Talk of raising the state gasoline tax is growing at the Statehouse, but local state representatives are cool to the idea.
The representatives said that at this point they are opposed to an increase, but for different reasons. They also caution that there is no specific bill being considered yet.
The movement for the increase comes after the House speaker said he is open to the idea, the MBTA raised commuter fares, and a study found the state needs billions of dollars’ worth of improvements to its transportation infrastructure.
State Rep. Jim Hawkins, D-Attleboro, said he believes some type of revenue increase is needed, but added the gasoline tax is “regressive” and hurts working-class motorists the most.
He said the Legislature is looking for some type of tax increase because a surtax on millionaires was struck from the ballot by the Supreme Judicial Court.
But advocates for higher taxes have not yet settled on an alternative, Hawkins said.
The revenue is needed for education, transportation and housing, he said.
The gasoline tax reportedly became the focus of some advocates after House Speaker Robert DeLeo said he was open to the idea.
“It’s all on the table,” DeLeo was quoted as saying in news reports. “Quite frankly, I think we’re at a situation relative to transportation (where) we’re at a critical point. If we’re going to continue to grow our economy here in Massachusetts, transportation has to be one of the major factors that we address.”
Other local representatives were not enthusiastic.
State Rep. Shawn Dooley, R-Norfolk, said the problem is escalating spending on health care, not a lack of tax revenue.
Revenue is on the rise because of the strong economy, he said, but it is being eaten up by Mass Health, the state health insurance for low- and moderate-income residents.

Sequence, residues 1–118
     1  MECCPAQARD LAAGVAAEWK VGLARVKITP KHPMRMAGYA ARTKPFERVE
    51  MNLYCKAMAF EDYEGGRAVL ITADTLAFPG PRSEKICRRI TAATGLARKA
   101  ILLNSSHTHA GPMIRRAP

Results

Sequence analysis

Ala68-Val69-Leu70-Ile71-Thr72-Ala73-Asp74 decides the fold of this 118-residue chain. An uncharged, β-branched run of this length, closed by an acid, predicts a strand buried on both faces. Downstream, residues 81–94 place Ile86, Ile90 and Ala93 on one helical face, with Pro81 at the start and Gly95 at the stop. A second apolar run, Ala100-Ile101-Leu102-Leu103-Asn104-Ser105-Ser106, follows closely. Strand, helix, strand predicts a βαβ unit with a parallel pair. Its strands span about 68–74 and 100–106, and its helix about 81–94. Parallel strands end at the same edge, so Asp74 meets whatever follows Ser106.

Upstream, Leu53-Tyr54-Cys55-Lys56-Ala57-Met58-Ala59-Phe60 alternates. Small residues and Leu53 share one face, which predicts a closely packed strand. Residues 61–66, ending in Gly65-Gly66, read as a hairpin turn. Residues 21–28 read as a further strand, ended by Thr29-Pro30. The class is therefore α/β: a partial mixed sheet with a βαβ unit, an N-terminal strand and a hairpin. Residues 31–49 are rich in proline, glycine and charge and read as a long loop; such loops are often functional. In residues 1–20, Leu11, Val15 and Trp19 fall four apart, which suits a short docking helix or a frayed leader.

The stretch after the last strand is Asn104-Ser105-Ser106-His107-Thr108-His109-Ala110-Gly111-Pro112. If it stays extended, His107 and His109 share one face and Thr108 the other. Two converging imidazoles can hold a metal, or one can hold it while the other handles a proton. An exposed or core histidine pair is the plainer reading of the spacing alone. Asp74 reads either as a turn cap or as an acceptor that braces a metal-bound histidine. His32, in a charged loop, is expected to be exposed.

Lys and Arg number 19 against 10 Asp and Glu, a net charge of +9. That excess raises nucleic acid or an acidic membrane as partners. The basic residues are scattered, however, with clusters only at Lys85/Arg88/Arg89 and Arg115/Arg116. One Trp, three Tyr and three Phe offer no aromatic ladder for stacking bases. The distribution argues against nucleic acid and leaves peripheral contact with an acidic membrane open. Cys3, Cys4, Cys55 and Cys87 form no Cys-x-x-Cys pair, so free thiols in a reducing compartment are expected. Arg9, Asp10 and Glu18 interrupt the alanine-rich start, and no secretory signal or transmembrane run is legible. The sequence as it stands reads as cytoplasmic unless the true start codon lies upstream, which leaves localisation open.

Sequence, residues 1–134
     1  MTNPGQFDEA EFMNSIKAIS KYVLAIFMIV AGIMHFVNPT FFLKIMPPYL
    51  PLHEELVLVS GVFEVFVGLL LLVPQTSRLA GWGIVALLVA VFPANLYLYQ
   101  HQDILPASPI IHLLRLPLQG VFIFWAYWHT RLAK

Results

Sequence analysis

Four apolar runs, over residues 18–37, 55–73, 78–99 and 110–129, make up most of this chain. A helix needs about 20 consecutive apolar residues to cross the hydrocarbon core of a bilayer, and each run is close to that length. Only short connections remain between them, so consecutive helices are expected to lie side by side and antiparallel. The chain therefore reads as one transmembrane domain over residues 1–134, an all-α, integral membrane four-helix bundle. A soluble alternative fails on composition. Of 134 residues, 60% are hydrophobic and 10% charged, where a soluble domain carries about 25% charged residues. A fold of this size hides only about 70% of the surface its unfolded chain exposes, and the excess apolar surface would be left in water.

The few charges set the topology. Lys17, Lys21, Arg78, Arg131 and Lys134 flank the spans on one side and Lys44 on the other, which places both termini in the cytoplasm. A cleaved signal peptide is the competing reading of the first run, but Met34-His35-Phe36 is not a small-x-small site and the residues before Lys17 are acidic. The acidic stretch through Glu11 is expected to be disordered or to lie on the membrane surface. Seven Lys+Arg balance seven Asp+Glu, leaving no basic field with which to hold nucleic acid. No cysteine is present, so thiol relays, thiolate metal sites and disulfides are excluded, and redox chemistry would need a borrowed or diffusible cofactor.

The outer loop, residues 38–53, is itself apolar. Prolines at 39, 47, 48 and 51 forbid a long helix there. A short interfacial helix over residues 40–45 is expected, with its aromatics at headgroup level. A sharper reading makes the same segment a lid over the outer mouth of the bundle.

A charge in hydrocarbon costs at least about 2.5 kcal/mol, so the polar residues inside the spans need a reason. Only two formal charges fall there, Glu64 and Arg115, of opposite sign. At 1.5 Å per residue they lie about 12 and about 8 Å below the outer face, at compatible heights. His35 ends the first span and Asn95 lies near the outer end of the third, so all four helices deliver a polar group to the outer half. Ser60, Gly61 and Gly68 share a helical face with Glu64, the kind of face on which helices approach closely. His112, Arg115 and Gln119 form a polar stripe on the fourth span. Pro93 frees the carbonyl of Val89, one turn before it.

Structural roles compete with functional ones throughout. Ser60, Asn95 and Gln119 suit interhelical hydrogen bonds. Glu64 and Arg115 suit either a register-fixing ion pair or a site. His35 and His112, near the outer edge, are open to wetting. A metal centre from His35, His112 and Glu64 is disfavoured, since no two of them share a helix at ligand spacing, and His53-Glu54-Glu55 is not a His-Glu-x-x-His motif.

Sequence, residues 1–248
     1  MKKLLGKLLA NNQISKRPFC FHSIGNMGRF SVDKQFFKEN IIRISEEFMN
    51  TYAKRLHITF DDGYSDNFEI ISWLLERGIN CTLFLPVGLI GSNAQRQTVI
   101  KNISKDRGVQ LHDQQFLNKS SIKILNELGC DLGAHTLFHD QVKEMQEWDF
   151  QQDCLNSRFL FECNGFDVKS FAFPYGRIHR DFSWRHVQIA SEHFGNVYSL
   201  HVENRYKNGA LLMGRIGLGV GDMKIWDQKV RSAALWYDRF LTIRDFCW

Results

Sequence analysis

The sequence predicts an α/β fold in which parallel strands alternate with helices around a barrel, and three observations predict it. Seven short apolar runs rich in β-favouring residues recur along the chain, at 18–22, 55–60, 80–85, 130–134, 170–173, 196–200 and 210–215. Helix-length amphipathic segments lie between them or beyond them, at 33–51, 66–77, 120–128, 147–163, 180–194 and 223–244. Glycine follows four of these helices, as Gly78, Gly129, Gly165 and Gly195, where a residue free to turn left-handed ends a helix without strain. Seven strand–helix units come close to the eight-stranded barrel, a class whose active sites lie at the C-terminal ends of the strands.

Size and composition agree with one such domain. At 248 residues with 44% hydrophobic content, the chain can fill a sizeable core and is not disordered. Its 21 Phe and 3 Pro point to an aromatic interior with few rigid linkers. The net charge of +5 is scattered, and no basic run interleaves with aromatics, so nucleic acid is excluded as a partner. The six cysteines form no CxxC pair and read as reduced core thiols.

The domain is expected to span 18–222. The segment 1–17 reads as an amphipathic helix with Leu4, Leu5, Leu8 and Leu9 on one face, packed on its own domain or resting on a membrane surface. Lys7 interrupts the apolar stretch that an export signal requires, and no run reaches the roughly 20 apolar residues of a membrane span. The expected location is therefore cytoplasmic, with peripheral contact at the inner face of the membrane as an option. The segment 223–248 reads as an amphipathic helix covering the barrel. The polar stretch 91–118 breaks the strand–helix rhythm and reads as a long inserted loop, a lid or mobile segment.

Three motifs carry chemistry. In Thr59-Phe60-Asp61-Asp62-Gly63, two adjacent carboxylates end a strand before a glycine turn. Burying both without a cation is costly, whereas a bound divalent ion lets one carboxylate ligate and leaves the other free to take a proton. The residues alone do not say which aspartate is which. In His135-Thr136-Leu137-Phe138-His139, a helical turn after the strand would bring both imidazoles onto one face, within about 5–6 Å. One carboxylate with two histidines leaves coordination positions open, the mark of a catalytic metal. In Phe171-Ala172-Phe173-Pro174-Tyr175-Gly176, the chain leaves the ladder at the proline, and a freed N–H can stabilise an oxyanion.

Mass Health now takes up 40 percent of the state budget and covers 30 percent of residents, Dooley said.
A way needs to be found to control the costs of Mass Health, he said.
Dooley also said a gas tax increase would be regressive as it hurts people who need their vehicle for work.
State Rep. Jay Barrows, R-Mansfield, also said he would be opposed to a higher gasoline tax.
He said the state should address its high maintenance costs instead.
Increasing the use of the gasoline tax to raise revenue also does not make sense because the use of gasoline is on the decline and will continue to decline with the coming of electric cars, Barrows said. The state should also consider higher fees on ride-sharing companies such as Uber because they contribute to traffic congestion, he said.
State Rep. Steven Howitt, R-Seekonk, said “there is always talk about raising taxes” at the Statehouse, but he hasn’t seen any details yet.
“That’s not necessarily something I would be in favor of,” he said.
Howitt said if improvements need to be made in the state transportation system there should be enough money in the state’s $42 billion budget to fund them without more taxes.
State Rep. Betty Poirier, R-North Attleboro, said she has not heard about any specific proposals to raise the gas tax so she could not comment.
Read the original article here.